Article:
After three days of silence, the Chinese government has rejected the offer of Taiwan's president, Chen Shui-bian, to make a fresh start on cross-strait discussions, saying Chen cannot be trusted.
The dismissive conclusion, in a statement issued Wednesday by the government's Taiwan Affairs Office, reflected a long-standing assessment here that, no matter what he might say at a given moment, Chen remains determined to lead the self-governing island to formal independence. It showed that, at least for now, the newly consolidated leadership of President Hu Jintao intends to stick to China's insistence that talks with Taiwan are possible only if Chen forswears his goal of independence.
"Chen Shui-bian declared that he intended to ease the tense atmosphere and the confrontation across the Taiwan Strait, yet he stubbornly insisted on his separatist stand that there is one country on each side of the strait," said Zhang Mingqing, a spokesman for the Taiwan Affairs Office.
"He furthermore denied that Taiwan is part of China," added Zhang, who read from a prepared text and declined to elaborate. "He boldly slandered and viciously attacked the mainland. He intentionally worsened the relationship between the two sides of the strait. This exposed his lies."
In a National Day speech Sunday, Chen suggested that China under Hu's leadership might prove more flexible in dealing with Taiwan. He proposed the resumption of long-suspended talks on the basis of a 1992 understanding that there is only one China, but that the governments in Beijing and Taipei have different ideas of what that means.
Chen's gesture was regarded as a concession in Taiwan, which is in the midst of a campaign for parliamentary elections scheduled for Dec. 11. Previously, Chen and his Democratic Progressive Party had rejected such diplomatic ambiguity, insisting that Taiwan is a separate country, a stance that drew criticism for what the opposition Nationalist Party has called an unduly provocative attitude toward China.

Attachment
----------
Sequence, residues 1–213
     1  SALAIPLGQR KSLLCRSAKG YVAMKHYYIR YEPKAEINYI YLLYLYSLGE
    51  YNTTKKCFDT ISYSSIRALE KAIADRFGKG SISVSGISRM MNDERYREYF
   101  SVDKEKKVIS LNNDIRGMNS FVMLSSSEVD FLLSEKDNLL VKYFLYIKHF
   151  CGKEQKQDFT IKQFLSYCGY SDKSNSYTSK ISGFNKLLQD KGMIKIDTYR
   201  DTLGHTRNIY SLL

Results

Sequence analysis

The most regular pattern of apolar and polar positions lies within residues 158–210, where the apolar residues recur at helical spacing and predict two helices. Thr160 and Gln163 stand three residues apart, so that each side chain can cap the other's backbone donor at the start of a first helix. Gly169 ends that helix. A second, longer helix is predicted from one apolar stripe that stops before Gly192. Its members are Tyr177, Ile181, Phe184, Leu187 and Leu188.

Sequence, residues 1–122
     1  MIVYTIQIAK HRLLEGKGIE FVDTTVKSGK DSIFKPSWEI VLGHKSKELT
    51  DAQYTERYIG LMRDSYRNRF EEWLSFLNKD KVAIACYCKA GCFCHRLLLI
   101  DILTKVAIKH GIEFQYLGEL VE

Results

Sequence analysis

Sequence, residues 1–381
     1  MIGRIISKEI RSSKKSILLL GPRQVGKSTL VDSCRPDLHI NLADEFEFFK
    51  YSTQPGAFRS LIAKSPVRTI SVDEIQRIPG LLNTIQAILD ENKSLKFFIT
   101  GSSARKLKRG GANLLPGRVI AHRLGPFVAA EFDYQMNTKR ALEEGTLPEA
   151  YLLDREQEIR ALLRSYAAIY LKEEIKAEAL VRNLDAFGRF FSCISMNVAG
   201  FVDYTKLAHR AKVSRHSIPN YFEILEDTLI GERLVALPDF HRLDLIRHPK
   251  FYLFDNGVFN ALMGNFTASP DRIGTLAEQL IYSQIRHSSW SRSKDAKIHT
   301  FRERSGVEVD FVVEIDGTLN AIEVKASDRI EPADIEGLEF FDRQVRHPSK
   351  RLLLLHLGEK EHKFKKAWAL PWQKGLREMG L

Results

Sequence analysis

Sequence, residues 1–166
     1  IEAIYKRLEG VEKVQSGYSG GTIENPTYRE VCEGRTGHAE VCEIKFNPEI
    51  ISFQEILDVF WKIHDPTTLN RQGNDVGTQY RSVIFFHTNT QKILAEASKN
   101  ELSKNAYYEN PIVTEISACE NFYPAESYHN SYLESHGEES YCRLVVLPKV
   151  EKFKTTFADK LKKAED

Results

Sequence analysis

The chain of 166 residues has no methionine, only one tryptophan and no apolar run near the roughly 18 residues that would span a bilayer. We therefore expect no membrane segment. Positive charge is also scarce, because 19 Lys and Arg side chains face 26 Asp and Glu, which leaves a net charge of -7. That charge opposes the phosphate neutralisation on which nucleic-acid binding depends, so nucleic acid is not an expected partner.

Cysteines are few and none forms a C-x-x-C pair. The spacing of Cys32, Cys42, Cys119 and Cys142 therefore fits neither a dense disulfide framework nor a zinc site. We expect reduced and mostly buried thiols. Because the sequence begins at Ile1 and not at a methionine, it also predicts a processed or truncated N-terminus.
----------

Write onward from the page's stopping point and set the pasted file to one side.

The United States, which is Taiwan's biggest supporter, immediately welcomed Chen's proposal. Darla Jordan, a State Department spokeswoman, said it "offers some creative ideas for reducing tensions and resuming the cross-strait dialogue."
The official Chinese statement said the government has always been ready to return to discussions on the basis of the 1992 understanding, reiterated in a policy paper last May, but that Taiwan has refused to endorse it. Chen's offer, it said, was a sleight of hand, seeking to impress his electorate but avoid real acknowledgment that "there is only one China in the world and the mainland and that Taiwan belongs to the one China."
The 1992 understanding, reached at a meeting in Hong Kong, led to a second meeting in Singapore and hopes of progress on the long dispute over Taiwan's status. But the discussions soon foundered over how explicitly Taiwan was endorsing the "one China" principle, which officials in Beijing consider a starting point for any talks.
Contacts, even on practical steps such as airline flights, have been frozen since 1999.